On April 16th at 11:00pm GMT, the first of two botnets began a massive spam campaign to take advantage of the recent Boston tragedy. The spam messages claim to contain news concerning the Boston Marathon bombing. The spam messages contain a link to a site that claims to have videos of explosions from the attack. Simultaneously, links to these sites were posted as comments to various blogs.
The link directs users to a webpage that includes iframes that load content from several YouTube videos plus content from an attacker-controlled site. Reports indicate the attacker-controlled sites host malicious .jar files that can compromise vulnerable machines.
On April 17th, a second botnet began using a similar spam campaign. Instead of simply providing a link, the spam messages contained graphical HTML content claiming to be breaking news alerts from CNN.
Cisco Intrusion Prevention System devices, Cloud Web Security, Email Security Appliances, and Web Security Appliances have blocked this campaign from the start.
Threat Detection and Defense
Cisco became aware of a range of threats forming on April 15th when hundreds of domains related to the Boston tragedy were quickly registered with DNS providers. Regarding the botnet spam-specific threat, from a volume perspective we’ve seen peaks approaching 40% of all spam being sent as demonstrated in the graphic below:
Cisco’s Email Security Appliances (ESA) have been blocking these threats since the campaigns began. Cisco’s Web Security Appliances (WSA) and Context Aware Firewalls (ASA CX) have been blocking websites that host the iframes with the malicious content based on poor reputation scores. Cisco’s Web Security Appliances (WSA) and Cloud Web Security products have blocked the malicious executable, as well as exploitation of CVE-2012-1723. Cisco Intrusion Prevention System products detect exploitation of CVE-2012-1723 with signature 2083-0.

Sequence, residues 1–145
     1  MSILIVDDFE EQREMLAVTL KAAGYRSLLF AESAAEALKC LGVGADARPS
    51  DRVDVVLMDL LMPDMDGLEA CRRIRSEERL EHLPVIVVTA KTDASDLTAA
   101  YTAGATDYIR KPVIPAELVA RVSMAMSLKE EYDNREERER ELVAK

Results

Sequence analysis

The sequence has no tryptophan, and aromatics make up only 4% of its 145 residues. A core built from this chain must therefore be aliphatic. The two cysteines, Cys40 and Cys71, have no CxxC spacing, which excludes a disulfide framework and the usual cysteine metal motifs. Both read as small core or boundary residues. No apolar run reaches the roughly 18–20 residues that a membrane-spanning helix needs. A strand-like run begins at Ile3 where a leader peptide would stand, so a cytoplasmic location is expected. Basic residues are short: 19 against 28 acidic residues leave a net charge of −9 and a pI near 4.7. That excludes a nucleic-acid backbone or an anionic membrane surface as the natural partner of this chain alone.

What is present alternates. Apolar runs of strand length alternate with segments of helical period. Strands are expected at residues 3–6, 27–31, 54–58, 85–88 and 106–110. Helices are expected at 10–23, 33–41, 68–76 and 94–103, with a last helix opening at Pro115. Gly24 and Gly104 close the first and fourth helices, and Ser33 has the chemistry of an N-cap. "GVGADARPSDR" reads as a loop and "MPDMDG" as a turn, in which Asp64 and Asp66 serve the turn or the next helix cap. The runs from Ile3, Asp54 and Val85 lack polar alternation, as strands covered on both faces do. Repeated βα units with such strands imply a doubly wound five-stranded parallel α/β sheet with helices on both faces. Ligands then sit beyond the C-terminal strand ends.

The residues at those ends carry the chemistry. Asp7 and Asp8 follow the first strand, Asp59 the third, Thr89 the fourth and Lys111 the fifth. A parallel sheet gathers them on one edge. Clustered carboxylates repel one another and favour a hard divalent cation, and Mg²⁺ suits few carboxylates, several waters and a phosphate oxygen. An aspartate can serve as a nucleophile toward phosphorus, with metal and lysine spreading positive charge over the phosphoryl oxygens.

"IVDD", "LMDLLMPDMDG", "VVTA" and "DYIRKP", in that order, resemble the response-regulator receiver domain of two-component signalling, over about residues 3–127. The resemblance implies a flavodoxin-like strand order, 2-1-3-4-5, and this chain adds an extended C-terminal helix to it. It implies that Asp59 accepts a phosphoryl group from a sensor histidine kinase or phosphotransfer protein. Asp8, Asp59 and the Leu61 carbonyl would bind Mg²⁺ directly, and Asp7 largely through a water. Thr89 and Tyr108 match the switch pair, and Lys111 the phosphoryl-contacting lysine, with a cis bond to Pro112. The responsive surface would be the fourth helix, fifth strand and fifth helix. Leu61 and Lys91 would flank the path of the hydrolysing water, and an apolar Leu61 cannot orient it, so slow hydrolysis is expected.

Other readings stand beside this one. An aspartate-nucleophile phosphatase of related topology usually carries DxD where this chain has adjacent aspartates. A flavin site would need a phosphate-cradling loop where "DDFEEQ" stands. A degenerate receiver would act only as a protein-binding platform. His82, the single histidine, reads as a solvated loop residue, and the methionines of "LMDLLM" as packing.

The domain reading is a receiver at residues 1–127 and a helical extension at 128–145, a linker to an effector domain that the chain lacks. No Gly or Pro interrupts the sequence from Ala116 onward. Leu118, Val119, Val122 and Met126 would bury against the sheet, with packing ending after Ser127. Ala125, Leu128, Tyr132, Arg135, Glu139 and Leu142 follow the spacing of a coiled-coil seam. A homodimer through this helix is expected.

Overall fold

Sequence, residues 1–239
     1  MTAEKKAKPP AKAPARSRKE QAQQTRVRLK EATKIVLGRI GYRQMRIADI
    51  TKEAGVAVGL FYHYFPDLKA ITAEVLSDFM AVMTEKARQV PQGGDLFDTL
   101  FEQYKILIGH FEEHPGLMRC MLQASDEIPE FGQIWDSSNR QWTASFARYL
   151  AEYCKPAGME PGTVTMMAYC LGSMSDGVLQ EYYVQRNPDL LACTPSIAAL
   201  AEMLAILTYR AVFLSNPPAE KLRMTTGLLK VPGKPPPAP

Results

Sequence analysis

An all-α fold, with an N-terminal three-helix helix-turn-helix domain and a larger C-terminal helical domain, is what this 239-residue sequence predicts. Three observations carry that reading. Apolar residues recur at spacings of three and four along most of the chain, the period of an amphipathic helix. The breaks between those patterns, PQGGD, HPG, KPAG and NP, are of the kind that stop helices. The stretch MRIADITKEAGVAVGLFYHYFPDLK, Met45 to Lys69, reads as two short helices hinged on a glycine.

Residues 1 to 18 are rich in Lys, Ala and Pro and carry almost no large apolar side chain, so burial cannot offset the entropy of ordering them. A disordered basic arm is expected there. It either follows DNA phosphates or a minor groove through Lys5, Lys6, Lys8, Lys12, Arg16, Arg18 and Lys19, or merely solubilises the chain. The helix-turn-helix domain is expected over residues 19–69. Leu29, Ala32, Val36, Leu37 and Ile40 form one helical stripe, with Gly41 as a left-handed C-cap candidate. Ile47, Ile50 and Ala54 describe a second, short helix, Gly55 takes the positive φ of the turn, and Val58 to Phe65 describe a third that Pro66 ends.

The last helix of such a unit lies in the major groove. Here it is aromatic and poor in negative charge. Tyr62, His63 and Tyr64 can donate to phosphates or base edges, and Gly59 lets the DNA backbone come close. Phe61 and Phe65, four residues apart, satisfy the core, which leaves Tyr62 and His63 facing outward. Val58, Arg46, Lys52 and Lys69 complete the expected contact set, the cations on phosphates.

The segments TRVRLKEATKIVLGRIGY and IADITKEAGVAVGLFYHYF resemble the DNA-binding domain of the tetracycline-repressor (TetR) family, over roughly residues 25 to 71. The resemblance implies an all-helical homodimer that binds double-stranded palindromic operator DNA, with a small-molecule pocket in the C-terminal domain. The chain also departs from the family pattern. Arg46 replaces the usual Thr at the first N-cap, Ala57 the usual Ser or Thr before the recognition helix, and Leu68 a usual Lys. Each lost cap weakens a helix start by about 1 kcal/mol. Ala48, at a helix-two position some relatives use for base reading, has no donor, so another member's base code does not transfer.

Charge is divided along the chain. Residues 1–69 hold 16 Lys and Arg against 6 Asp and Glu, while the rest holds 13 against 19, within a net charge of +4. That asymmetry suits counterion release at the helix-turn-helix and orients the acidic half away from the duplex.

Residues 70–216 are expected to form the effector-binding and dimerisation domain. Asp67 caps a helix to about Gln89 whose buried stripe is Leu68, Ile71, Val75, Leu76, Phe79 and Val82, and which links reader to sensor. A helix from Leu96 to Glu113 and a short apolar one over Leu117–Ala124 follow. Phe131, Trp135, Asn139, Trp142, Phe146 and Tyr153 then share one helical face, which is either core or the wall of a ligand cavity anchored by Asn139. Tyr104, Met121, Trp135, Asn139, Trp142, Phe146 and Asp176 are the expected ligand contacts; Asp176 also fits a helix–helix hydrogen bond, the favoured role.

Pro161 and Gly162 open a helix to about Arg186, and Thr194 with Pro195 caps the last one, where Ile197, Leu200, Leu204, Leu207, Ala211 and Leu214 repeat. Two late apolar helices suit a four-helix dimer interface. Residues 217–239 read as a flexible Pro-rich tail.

Activity related to this campaign is also available via IntelliShield Security Activity Bulletin 29020.
Some of the malicious links were posted to blogs as evidenced by the screen captures below:
The initial spam assault also contained these same links. The link in the spam referenced a malicious site that appears to be a collection of YouTube videos in a column. In the source HTML, the final iframe (obfuscated here) is for a malicious website:
Upon loading the content from the last iframe, the user would be prompted to download a malicious jar file that is detected as an attempt to exploit CVE-2012-1723. The user may also be prompted to download a suspicious Windows executable masquerading as a movie file.
The second botnet’s spam campaign is masquerading as a message from CNN. These spam messages entice the user with a link claiming: “You have received the following link from BreakingNews@mail.cnn.com”.
In reality, the link takes users to a compromised website that contains an instant HTTP meta-refresh redirect to an attacker controlled site that we believe is attempting to install the Blackhole Exploit Kit (BHEK).
It is not uncommon for spam to take advantage of high profile events that capture worldwide attention such as the Boston tragedy. Often such attempts aim to persuade the victim into launching malware, providing sensitive information, advanced-fee fraud, fake pharmaceutical websites, or purchasing spamming services.
Every time an event attracts worldwide attention it is often used as a target of opportunity. In this particular instance, one of the botnets is spreading via a well-known Java vulnerability. It appears that many of the infected links have been removed or remediated, so it is possible the life of these specific campaigns will be relatively short. Cisco believes that it is very likely that additional threats will make use of the recent tragedy for malicious means.
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